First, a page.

The Next Big election: May 2016.

barcode
Posts: 1473
Joined: Wed 29 Aug, 2007 19.36

iSon wrote:
barcode wrote:I'll say this, Labour got more votes than the tories in Scotland, yet only got half the seats, explain that one...

Scotland:
SNP Scottish National Party 46.5
LAB Scottish Labour 22.6
CON Scottish Conservatives 22.0
LD Scottish Lib Dems 7.8
GRN Scottish Green Party 0.6
OTH OTHERS 0.5
And there say PR works?
You can't blame the system... Labour failed to win in enough of their constituencies under first past the post. The additional member system did pretty well at topping up - giving Labour 21 seats to the Conservatives 24. And that's right as the Tories polled better in the list vote.

On a personal level, I am surprised to see such a Conservative comeback. But, it just highlights the consolidation of the SNP as the governing party and the collapse of Labour as effective opposition. I've no doubt they will burn through a few more leaders before they find their level again.
Firstly I can blame the system, since there clearly something wrong somewhere. It was said back in 2011 aswell because its was still strange how the SNP managed to get its overall maj the way it did. PR is suppose to give X amount of seats to depending on how big the parties are.

Labour still manged to get more constituencies votes and that should have counted for more. In the Mid Scotland list seats over 120'000 votes for the SNP were thrown in the bin since there were never going to get a list msp. Thats the point it doesn't matter how much you get on the list, because its suppose to counter balance the constituencies vote. Its shame so many people failed to understand how the system works.....

Conservative comeback? Its taken 20 years, and its only in the place were there were original strong in the first place Aberdeenshire and Southern scotland. Its became clear to many; Labour had no idea and many people just wanted a proper opposition party to the SNP. So Ruth said I'll never win but I can make sure that woman can is kept in check, and so many thought whats the worse that could happen? It cant be any worse.
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WillPS
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I think overall it's a good result for Labour and for Corbyn. A loss of a single seat after 17 years of government in Wales is exceptional. A shame that the timing was such that UKIP gained a presence but I'm hopeful that those 4 seats will seem as anachronistic in 2021 as the remaining seats the BNP lost today did.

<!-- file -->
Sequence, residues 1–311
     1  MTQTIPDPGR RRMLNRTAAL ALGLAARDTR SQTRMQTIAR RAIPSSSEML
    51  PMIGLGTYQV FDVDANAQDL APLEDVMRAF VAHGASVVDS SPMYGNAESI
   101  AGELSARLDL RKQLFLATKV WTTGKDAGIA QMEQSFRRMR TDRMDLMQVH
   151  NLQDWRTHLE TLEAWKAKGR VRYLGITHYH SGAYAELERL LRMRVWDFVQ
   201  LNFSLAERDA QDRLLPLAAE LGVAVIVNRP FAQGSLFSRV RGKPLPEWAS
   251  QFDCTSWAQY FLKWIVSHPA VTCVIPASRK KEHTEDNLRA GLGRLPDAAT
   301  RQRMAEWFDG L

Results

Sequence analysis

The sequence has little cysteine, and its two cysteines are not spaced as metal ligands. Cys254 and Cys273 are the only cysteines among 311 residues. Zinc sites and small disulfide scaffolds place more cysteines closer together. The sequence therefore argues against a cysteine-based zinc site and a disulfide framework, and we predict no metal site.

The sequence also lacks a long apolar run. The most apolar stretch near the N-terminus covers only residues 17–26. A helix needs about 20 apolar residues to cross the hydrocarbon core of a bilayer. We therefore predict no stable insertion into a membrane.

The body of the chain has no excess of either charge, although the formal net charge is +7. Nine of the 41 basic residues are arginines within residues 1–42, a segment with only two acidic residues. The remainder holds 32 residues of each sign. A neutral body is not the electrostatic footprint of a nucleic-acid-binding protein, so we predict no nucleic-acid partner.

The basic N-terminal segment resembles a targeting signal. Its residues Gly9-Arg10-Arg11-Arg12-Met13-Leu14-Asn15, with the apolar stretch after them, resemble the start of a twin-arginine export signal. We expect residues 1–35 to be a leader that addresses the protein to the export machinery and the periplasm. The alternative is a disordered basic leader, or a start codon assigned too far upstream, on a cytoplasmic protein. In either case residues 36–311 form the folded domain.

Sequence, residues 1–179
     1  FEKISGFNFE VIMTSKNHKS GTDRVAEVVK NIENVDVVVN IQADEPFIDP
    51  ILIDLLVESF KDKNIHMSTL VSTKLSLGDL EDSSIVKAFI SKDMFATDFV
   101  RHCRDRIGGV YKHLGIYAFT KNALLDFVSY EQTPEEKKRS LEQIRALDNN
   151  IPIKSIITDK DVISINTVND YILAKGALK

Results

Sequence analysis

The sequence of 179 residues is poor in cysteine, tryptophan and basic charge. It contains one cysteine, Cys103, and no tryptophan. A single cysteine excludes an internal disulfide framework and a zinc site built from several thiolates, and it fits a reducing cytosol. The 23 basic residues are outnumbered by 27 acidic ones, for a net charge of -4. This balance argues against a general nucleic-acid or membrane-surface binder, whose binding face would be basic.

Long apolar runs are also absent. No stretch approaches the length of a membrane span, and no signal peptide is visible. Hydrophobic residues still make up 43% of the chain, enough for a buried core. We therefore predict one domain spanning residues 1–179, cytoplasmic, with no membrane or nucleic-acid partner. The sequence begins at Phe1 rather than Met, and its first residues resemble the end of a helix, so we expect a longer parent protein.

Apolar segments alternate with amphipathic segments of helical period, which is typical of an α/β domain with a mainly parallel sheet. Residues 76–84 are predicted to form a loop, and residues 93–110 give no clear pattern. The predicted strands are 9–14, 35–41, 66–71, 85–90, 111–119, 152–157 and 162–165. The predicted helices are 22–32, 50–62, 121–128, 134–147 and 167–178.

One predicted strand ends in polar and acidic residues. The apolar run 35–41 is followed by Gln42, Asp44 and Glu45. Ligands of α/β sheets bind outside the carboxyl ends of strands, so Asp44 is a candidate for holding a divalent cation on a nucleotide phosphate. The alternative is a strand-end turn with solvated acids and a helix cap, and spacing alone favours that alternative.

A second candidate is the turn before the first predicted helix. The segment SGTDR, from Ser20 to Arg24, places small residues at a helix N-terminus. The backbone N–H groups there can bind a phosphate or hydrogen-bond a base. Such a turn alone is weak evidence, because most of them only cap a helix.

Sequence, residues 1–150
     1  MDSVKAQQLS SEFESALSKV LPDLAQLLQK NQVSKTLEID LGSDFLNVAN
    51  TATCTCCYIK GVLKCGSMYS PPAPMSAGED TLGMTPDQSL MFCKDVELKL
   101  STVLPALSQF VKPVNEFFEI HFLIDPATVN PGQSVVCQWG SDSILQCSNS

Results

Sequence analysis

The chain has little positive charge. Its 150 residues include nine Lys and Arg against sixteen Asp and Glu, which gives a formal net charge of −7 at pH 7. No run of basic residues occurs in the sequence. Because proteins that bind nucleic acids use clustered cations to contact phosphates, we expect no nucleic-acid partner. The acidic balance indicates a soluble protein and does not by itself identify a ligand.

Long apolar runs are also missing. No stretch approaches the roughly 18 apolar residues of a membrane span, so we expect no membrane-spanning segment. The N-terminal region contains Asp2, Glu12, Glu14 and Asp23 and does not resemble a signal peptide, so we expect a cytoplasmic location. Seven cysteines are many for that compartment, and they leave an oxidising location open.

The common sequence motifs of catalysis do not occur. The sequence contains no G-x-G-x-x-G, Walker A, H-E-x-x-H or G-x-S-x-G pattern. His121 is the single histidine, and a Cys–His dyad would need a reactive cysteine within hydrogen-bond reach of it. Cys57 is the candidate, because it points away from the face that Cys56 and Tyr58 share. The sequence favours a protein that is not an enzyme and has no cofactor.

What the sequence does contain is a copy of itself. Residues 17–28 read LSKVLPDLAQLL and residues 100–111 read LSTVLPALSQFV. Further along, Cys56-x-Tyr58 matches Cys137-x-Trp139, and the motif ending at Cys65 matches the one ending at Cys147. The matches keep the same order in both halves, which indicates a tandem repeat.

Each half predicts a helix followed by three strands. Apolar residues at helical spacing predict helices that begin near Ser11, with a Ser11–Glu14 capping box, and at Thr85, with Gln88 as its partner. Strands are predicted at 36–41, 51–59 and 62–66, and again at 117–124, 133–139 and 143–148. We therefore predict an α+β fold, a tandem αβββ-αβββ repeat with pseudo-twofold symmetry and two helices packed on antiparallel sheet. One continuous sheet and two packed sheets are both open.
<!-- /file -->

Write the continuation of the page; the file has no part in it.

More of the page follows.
The 2012 council result was a particularly strong one for Labour and that they have basically not moved from that position is essentially a good result (considering the massive amount of share of the vote they shed by last year). The swing to Sadiq Khan is exceptional.

Of course the elephant in the room will be how Labour can get a majority without winning back Scotland. My expectation (and hope) is that Labour can get their English base sorted and enter in to a confidence & supply arrangement centred around pushing through voting reform.

Also interesting to see people (very slowly) returning to the Lib Dems. I think they have really struggled to find a voice since their near-decimation last year. Are people perhaps belatedly realising how effectively they restrained the Tories while in government?
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Philip
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Can I just say I'm glad to see London voting against a campaign of fear and ultimately racism.
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thegeek
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It's a shame that Labour didn't select a more inspiring candidate - but I am glad that Zac didn't win.
Martin Phillp
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Joined: Wed 11 May, 2011 01.28

thegeek wrote:It's a shame that Labour didn't select a more inspiring candidate - but I am glad that Zac didn't win.
Considering the mandate Khan received, I don't think a colourful candidate was required.
TVF's London Lite.
DTV
Posts: 125
Joined: Mon 12 Mar, 2012 19.27

WillPS wrote:I think overall it's a good result for Labour and for Corbyn. A loss of a single seat after 17 years of government in Wales is exceptional. A shame that the timing was such that UKIP gained a presence but I'm hopeful that those 4 seats will seem as anachronistic in 2021 as the remaining seats the BNP lost today did.